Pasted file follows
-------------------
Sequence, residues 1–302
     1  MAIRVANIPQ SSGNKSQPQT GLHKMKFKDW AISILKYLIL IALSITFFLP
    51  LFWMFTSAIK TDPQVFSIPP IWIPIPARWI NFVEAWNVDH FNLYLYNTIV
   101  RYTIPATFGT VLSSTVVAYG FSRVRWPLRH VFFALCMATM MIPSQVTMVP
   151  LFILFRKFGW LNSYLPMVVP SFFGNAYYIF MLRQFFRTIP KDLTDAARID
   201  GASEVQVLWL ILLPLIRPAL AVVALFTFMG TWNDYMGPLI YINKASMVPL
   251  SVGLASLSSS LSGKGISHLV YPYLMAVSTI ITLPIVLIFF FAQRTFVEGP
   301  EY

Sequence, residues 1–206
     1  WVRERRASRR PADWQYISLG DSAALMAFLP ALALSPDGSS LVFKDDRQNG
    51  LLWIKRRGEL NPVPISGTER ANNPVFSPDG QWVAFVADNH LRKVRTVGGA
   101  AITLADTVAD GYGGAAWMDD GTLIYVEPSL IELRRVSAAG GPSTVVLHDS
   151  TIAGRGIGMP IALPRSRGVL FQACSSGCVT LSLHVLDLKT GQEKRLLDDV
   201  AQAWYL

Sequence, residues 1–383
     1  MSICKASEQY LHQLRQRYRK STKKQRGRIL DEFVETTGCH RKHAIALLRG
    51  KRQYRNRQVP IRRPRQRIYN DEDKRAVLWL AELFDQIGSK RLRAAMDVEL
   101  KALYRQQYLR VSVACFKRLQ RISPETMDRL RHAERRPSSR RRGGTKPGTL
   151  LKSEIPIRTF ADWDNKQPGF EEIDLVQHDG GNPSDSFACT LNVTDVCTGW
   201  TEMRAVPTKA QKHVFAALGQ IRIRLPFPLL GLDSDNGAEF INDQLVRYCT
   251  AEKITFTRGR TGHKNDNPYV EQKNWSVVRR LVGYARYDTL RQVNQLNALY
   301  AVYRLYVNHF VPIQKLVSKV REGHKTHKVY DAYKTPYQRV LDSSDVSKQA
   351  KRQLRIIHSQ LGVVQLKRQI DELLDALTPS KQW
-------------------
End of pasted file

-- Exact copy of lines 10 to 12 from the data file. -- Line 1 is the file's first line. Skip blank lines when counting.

     1  WVRERRASRR PADWQYISLG DSAALMAFLP ALALSPDGSS LVFKDDRQNG
    51  LLWIKRRGEL NPVPISGTER ANNPVFSPDG QWVAFVADNH LRKVRTVGGA
   101  AITLADTVAD GYGGAAWMDD GTLIYVEPSL IELRRVSAAG GPSTVVLHDS